Not certain about derivative.

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In summary, the homework statement states that if y=\frac{1-2u}{1+u} and u=\sqrt{x^2-7}, find \frac{dy}{dx} at x=4. The equation for y(u) is y(h) = \frac{1-2h(g(f(x)))}{1+h(g(f(x)))} and the chain rule can be used to simplify this equation.
  • #1
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Homework Statement



If [tex]y=\frac{1-2u}{1+u}[/tex] and [tex]u=\sqrt{x^2-7}[/tex], find [tex]\frac{dy}{dx}[/tex] at [tex]x=4[/tex]

Homework Equations



quotient and chain rule

The Attempt at a Solution



so if [tex]f=y[/tex] then [tex]y^{'}=f^{'}[/tex] then [tex]f^{'} = \left( \frac{f}{g}\right)^{'} = \frac{f^{'}g - fg^{'}}{g^2}[/tex]

and if [tex]f=1-2u[/tex] then [tex]f^{'} = -\left( x^2 -7\right)^\frac{-1}{2} 2x[/tex]

and if [tex]g=1+u[/tex] then [tex]g^{'} = x\left( x^2 -7\right)^\frac{-1}{2}[/tex]

and [tex]g^2 = x^2 + 2\sqrt{x^2 -7}-6[/tex]

and now with chain rule:

[tex]\frac{dy}{dx}=\frac{dy}{du}\frac{du}{dx}=\left(\frac{-2\left(1+u\right)-\left(1-2u\right)}{\left(1+u\right)^{2}}\right)\left(x\left(x^{2}-7\right)^{\frac{-1}{2}}\right)[/tex]

i think?
u in terms of x like this:

[tex]\frac{dy}{dx}=\frac{dy}{du}\frac{du}{dx}=\left(\frac{-2\left(1+\sqrt{x^2-7}\right)-\left(1-2\sqrt{x^2-7}\right)}{\left(1+\sqrt{x^2-7}\right)^{2}}\right)\left(x\left(x^{2}-7\right)^{\frac{-1}{2}}\right)[/tex]
 
Last edited:
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  • #2
Try the chain rule:

dy/dx =dy/du(du/dx)

should be easy as that
 
  • #3
your f ', g ' and g^2 look correct
 
  • #4
You could also simply substitute u(x) back into the equation, though I would personally go with chain rule.
 
  • #5
okay, hopefully i can simplify it somehow...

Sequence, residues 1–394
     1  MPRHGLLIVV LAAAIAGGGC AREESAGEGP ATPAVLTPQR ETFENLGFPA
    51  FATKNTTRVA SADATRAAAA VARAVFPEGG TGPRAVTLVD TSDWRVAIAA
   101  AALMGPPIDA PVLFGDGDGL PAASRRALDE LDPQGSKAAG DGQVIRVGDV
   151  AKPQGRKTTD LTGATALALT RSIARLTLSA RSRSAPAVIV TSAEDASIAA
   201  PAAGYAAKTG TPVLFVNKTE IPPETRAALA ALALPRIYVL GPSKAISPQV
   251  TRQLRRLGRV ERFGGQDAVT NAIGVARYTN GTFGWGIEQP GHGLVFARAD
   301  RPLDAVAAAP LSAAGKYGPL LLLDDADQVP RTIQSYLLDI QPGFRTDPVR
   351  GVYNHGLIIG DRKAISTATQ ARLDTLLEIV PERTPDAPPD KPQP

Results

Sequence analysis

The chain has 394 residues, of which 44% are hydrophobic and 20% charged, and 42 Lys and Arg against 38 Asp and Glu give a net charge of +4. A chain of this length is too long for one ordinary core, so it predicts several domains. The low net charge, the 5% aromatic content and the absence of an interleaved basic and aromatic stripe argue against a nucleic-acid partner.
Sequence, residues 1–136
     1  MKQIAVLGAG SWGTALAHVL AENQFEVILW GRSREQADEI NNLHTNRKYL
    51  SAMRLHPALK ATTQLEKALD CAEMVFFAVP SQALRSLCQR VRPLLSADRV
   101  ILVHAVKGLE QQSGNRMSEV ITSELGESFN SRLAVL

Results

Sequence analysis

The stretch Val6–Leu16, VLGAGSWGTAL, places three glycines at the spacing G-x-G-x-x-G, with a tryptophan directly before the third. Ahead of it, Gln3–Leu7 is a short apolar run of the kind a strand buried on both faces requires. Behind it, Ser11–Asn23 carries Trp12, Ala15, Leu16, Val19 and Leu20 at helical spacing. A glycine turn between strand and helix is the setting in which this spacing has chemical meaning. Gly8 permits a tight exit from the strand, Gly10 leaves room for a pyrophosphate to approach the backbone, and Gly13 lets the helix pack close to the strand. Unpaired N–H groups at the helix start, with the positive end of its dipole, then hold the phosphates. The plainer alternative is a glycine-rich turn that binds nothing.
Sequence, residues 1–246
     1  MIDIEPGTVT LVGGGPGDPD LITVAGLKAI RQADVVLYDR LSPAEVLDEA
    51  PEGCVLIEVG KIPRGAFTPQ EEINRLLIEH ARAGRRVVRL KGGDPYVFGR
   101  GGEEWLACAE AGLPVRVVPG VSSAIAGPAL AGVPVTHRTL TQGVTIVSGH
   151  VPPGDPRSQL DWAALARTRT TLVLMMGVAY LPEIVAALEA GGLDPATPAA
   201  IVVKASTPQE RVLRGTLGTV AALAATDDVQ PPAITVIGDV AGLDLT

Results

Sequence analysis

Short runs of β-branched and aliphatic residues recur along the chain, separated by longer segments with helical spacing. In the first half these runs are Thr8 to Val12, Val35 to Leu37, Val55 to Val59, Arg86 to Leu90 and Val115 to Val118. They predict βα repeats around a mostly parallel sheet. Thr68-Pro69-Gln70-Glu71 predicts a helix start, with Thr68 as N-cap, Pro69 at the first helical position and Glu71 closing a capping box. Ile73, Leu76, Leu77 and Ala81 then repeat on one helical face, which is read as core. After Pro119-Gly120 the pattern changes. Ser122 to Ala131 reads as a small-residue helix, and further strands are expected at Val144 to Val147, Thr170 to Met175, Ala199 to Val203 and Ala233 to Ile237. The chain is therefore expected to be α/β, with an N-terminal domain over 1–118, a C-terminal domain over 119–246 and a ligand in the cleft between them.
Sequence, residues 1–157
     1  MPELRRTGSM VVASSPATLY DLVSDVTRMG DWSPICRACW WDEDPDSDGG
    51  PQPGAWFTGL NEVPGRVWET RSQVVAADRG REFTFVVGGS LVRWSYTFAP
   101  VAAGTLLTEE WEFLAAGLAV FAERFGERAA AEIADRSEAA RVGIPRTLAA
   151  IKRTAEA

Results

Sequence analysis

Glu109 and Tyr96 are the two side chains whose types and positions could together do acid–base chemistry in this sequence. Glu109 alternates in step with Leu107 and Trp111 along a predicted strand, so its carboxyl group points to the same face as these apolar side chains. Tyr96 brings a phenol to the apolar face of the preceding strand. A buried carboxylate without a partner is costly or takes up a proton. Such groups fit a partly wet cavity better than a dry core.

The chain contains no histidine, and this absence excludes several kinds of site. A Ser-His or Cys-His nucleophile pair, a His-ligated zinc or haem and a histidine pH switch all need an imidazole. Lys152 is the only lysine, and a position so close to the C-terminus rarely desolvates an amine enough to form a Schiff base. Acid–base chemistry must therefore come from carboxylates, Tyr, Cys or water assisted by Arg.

• #6
linuxux said:
okay, hopefully i can simplify it somehow...

Did you understand what was said? You appear to be completely ignoring it. YOU put the "chain rule" as one of the relevant equations. The chain rule is specifically to do problems like this without having to substitute one function into another. Use the chain rule, not that complicated formula for y(x) you have!
 
  • #7
HallsofIvy said:
Did you understand what was said? You appear to be completely ignoring it. YOU put the "chain rule" as one of the relevant equations. The chain rule is specifically to do problems like this without having to substitute one function into another. Use the chain rule, not that complicated formula for y(x) you have!

Okay, i will try it again with the chain rule, i don't understand how the chain rule can be used since i can't see a function that's "in" another function? where is it? i actually made a mistake when i wrote chain rule, but since you say its easier i want to do it that way, i will search for a suitable example.

later that day...

ah, now i see, you don't substitute for u as i did, i also see the solution will be much cleaner, thanks!
 
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  • #8
All the mathematicians will probably hate this, but just think of d/dx as something that you want to "cancel" out. So the chain rule says that if you have h(g(f(x))), which you can repeat indefinitely, that you can take the derivative of dh/dx by incrementally "canceling" the derivatives, like so dh/dx = dh/dg*dg/df*df/dx.

So as an example, the say you have [tex] y = sin((x+1)^2) [/tex], which has a form y = h(g(f(x))), where h is the trig function sin(stuff), g is the function inside of the trig function raised to some power (stuff)^2, and f is the function x+1. The solution would be